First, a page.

Political pundits and market analysts are continuously trying to discern the signs of the times, trying to pick out from among the seemingly innumerable particulars of life those few which, taken together, indicate the direction that politics, society, the markets, or the economy is taking, a direction which otherwise is wholly unexpected. We call this "connecting the dots." The dots are there. The trick is discerning which dots are the significant ones, and thus to be connected in forming a picture of the future. One of the things I try to do on my blog is throw dots out there that I think are significant.

Try these for dots.

I draw your attention to a report in today's New York Times, "Markets Fall as Lender Woes Keep Mounting" by Vikas Bajaj (August 4, 2007).

On the one hand, the economy is strong. Consumer confidence is high. Bajaj reports that, "yesterday’s jobs report was not weak enough to suggest that the Federal Reserve would cut its benchmark short-term interest rate when it meets next week." In addition, "investors now expect the Fed to cut its rate to 5 percent, from 5.25 percent by November...." On top of that, "businesses have been reporting strong earnings. Profits are up 9.6 percent in total for the 80 percent of the companies in the S.& P. index that have released results for the second quarter."

Sounds great! ...But...

Something is screwy in the housing market. Prices are ridiculous and there is trouble under foot.

When I was boy in 1972, my dad, a civil servant, bought a four bedroom home in a nice Toronto suburb for $45,000, a lot of m0ney at the time. His annual salary was roughly the same figure. Maybe it was less, but not a whole lot less. Today, on Long Island, for me to buy the same house I would have to pay seven times my income. (In addition, because of various forms of social decay which express themselves in the public school system through not only the students but also the teachers, we have the added expense of our children's private education.) What's happened?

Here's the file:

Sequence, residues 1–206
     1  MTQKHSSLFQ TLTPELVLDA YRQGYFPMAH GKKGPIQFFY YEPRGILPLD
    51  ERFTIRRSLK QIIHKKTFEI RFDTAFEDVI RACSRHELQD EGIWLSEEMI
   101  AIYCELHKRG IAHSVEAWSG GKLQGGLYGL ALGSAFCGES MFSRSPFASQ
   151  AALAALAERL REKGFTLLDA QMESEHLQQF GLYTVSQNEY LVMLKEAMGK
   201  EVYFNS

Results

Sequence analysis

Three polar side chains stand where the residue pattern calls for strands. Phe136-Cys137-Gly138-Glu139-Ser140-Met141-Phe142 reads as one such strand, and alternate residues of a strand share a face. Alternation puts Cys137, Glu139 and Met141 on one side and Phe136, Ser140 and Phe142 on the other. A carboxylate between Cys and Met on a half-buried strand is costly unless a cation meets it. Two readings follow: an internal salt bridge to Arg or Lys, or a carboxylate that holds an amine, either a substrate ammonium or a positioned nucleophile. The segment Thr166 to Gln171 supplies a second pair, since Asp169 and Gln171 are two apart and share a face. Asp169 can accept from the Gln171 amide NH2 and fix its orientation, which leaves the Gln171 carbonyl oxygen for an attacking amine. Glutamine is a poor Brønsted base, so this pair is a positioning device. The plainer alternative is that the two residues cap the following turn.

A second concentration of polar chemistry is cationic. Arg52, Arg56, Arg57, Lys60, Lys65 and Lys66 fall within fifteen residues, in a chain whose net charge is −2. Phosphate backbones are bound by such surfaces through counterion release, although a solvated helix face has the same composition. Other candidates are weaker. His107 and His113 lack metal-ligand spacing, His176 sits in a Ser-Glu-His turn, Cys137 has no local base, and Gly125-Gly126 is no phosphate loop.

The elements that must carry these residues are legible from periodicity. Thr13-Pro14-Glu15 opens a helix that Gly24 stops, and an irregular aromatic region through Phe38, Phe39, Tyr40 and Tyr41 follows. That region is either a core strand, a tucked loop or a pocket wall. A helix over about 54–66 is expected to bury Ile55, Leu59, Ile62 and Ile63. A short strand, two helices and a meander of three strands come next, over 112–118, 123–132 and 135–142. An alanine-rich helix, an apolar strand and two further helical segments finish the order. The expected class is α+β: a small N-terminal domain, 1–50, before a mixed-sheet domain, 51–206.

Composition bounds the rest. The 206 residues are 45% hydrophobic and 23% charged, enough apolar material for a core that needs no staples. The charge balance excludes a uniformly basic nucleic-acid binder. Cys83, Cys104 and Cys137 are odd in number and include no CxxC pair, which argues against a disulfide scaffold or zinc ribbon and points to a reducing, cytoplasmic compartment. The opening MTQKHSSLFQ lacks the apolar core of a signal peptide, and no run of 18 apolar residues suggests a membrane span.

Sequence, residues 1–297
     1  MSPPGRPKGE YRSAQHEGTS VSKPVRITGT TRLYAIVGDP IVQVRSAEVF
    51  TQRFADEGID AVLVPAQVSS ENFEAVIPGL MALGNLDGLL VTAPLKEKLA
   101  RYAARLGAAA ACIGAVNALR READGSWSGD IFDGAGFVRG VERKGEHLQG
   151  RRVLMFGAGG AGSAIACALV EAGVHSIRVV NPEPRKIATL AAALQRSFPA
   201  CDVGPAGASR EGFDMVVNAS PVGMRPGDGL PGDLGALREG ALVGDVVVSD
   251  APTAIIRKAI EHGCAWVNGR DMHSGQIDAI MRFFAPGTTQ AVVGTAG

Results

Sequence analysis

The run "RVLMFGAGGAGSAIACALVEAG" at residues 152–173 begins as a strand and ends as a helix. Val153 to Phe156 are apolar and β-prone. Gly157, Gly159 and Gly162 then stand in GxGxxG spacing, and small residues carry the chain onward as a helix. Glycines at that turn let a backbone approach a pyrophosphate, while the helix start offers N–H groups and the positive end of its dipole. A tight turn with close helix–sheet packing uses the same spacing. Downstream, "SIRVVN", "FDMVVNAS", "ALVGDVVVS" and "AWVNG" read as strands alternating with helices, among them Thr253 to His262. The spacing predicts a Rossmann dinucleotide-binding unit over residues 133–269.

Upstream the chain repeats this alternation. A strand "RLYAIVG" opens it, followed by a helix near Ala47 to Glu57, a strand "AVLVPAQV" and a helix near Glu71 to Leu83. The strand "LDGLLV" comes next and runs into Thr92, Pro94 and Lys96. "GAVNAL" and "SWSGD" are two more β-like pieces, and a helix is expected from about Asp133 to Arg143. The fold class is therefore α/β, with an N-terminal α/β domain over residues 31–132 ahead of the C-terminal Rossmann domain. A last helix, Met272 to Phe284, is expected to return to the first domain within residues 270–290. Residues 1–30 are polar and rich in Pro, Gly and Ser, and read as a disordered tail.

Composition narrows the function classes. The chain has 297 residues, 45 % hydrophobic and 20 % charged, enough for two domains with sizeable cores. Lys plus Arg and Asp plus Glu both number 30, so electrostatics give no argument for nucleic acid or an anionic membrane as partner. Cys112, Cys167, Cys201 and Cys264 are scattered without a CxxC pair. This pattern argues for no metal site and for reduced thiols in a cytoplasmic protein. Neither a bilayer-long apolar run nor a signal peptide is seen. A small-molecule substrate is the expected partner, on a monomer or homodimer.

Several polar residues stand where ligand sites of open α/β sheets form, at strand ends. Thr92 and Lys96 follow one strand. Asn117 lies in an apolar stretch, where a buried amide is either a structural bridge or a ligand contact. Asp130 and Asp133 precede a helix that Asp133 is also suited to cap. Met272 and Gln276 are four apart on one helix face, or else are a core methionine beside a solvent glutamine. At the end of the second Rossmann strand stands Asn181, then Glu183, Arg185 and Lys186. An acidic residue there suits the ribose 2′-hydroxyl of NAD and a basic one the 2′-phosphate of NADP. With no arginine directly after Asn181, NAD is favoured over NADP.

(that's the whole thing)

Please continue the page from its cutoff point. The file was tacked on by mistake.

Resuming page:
Of course, since then women have flooded into the workforce. More dollars chasing the same goods = inflation. I know, it's more complicated than that. But it's partly that. In addition, credit has become quite freely available. No money down. 103% mortgages. People are in debt with second and third mortgages, car loans and of course high interest credit cards. More dollars chasing the same goods = inflation. People can pay more for homes, so sellers make sure that they do. The same is true of college tuition, by the way. Parents can borrow against their $400,000 homes, so colleges raise tuition and require it. (For the full story, see The Two-Income Trap: Why Middle-Class Mothers and Fathers Are Going Broke by Harvard Law School bankruptcy professor Elizabeth Warren and her financial consultant daughter Amelia Warren Tyagi.)

With that in mind, back to the Bajaj article. Too many people can't live too far beyond their means indefinitely. A crash will come and pain will be widespread.

"Mortgage companies have significantly tightened credit lately to borrowers with weak credit histories and are even cracking down on those with solid records who are taking on riskier loans."
Steve Walsh, a Scottsdale mortgage broker, sees "a liquidity crunch. It’s a credit freeze." Again, Bajaj:
"Lenders say they are increasingly unable to persuade investors to buy packages of home loans made to borrowers with little or no down payment or those who cannot fully document their incomes. As a result, many companies are no longer offering such loans to potential buyers (emphasis added)."
Loans to people "who cannot fully document their incomes?" Will someone explain that? Richard F. Syron, chief executive of Freddie Mac, speaks of "excesses in the market in recent years." With reference to the evaporating, but shortsightedly overextended credit pool, he says, “There that probably should never have been made and providing more liquidity will make that situation worse in the long term.”

Douglas M. Peta, chief market strategist at J. & W. Seligman & Company, a New York investment firm, says, “It seems to me things got every bit as silly in the credit markets in the last few years as they did in tech stocks in the late 1990s.” The housing market is flat, and I have been hearing about a lot of foreclosures recently.

If we see tighter credit and a wave of foreclosures while the economy continues to grow, that means hope that one-income middle class families like mine might squeak into the housing market. Everyone else should read The Two-Income Trap and radically reconsider the meaning of the word "credit limit" before they become foreclosure statistics themselves. But will the falling housing market take the economy with it?